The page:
A new facility in Pueblo is working to solve a growing problem for the United States Department of Defense, and the solution could have big implications for the local economy.
The military has trouble obtaining parts for some of its aging but still essential equipment. About 1.8 million parts are on back order.
Take, for instance, the fleet of B-52 Stratofortress bombers, which came into service nearly 60 years ago but still make up the backbone of the Air Force’s bomber fleet. The U.S. intends to keep the plane in service until 2045, but many of its parts are no longer manufactured and replacement equipment is getting harder to find.
That’s where Pueblo is stepping in.
Veterans Initiative for National Sustainment
The city is home to the Veterans Initiative for National Sustainment (VINS), which kicked off last October after five years of work by the Pueblo Economic Development Corporation (PEDCO). Former PEDCO chairman Jeff Shaw oversees the facility, which will eventually be called Home of Heroes Manufacturing Center for Excellence – a nod to its dual purpose.
Pueblo got the nickname "Home of Heroes" from President Dwight Eisenhower, who noted the area's high number of Medal of Honor recipients. VINS is charged with enlisting veterans to build parts by putting schematics into their hands and helping them win military contracts.
The Department of Defense aims to send 3 percent of its contracts to service-disabled veteran-owned small businesses, but the reality has been less than 1 percent. That discrepancy is worth several billion dollars. By getting veterans involved in the manufacture of needed parts, VINS hopes to solve both problems at once.
Pueblo Leads Way With Cold Spray Technology
Replacement parts aren’t the only way VINS will help the military. The facility has invested in “cold spray” manufacturing technologies that can put a protective coat on parts in order to help them resist corrosion and last longer. But that’s hardly the only use for the technology, which involves firing metal particles onto another metal surface at such a high velocity that a strong molecular bond is formed.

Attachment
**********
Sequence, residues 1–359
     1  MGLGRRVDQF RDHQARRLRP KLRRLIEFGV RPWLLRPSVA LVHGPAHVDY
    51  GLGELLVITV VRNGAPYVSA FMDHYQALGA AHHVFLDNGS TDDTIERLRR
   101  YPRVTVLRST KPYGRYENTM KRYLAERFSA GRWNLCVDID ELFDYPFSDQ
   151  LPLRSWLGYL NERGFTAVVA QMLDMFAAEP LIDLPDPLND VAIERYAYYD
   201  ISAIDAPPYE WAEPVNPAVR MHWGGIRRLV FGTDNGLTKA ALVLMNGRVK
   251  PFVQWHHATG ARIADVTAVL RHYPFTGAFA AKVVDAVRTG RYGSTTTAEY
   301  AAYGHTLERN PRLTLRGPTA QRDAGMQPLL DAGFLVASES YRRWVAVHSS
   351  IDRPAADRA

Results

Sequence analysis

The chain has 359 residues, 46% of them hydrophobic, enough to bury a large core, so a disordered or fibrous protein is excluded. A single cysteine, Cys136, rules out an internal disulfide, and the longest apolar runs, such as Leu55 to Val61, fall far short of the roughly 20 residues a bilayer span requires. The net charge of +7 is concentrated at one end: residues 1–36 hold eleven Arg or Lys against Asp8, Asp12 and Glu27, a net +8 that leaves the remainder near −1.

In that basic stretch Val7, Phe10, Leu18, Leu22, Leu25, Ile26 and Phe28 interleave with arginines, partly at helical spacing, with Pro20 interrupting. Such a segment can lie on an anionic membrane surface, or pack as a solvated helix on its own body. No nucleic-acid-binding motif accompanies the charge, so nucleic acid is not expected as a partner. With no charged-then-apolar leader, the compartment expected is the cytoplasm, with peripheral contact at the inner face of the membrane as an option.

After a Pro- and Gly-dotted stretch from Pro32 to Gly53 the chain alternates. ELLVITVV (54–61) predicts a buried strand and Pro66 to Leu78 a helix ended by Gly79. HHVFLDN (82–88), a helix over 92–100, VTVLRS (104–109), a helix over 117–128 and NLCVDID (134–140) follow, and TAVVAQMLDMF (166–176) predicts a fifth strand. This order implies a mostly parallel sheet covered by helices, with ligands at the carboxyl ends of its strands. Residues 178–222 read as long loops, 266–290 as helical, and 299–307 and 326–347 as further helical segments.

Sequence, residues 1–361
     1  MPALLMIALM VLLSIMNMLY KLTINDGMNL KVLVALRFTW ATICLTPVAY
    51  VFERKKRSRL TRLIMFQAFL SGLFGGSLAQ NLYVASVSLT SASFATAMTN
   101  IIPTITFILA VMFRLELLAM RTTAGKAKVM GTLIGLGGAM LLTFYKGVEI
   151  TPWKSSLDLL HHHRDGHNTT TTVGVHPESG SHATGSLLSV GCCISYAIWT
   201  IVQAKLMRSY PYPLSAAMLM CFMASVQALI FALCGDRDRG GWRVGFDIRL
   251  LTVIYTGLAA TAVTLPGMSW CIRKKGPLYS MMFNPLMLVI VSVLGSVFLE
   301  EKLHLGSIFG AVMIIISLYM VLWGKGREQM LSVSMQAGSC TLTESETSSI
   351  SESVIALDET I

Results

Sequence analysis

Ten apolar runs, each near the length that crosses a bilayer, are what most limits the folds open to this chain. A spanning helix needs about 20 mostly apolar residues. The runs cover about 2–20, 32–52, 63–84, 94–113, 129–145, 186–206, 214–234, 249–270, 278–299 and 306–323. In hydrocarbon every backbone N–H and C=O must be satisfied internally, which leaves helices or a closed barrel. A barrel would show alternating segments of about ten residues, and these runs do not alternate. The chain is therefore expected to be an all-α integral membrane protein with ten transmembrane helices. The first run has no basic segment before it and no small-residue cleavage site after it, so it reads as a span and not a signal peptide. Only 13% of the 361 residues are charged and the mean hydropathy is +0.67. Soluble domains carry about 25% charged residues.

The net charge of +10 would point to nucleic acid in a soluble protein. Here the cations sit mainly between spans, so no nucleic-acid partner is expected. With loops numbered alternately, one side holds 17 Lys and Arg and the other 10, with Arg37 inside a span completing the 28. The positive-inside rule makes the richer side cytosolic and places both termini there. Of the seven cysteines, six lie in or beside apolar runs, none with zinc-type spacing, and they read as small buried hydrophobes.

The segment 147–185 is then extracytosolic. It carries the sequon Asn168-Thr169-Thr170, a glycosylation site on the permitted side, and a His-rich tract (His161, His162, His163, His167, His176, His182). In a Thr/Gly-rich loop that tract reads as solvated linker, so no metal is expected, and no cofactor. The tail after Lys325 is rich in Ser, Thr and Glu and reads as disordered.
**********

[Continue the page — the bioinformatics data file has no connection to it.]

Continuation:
In addition to coating steel with another material such as copper, the technology can be used to repair parts that would otherwise need to be replaced or to quickly fabricate a new part by spraying metal into a mold, Shaw says.
The technology has attracted attention from aviation, automotive and even health-care companies, Shaw says.
A team looking to exploit the technology includes defense contractors such as New York-based aerospace company Moog Inc. ($2.1 billion in revenue in 2010) and Connecticut-based helicopter company Sikorsky Aircraft ($6.7 billion in 2010).
Shaw expects VINS to eventually employ 30 to 40 researchers and serve as a training facility for companies looking to leverage the technology.
“We expect defense contractors to relocate,” Shaw says. “We have defense contractors who work in the facility right now. We expect them to expand operations and to have a relationship near or inside the facility – including some that are household names. The defense world is changing; budgets are changing. Cold spray is a cheaper way for them to do business. And the defense contractors understand that.”
Read more about honoring veterans in Pueblo, CO.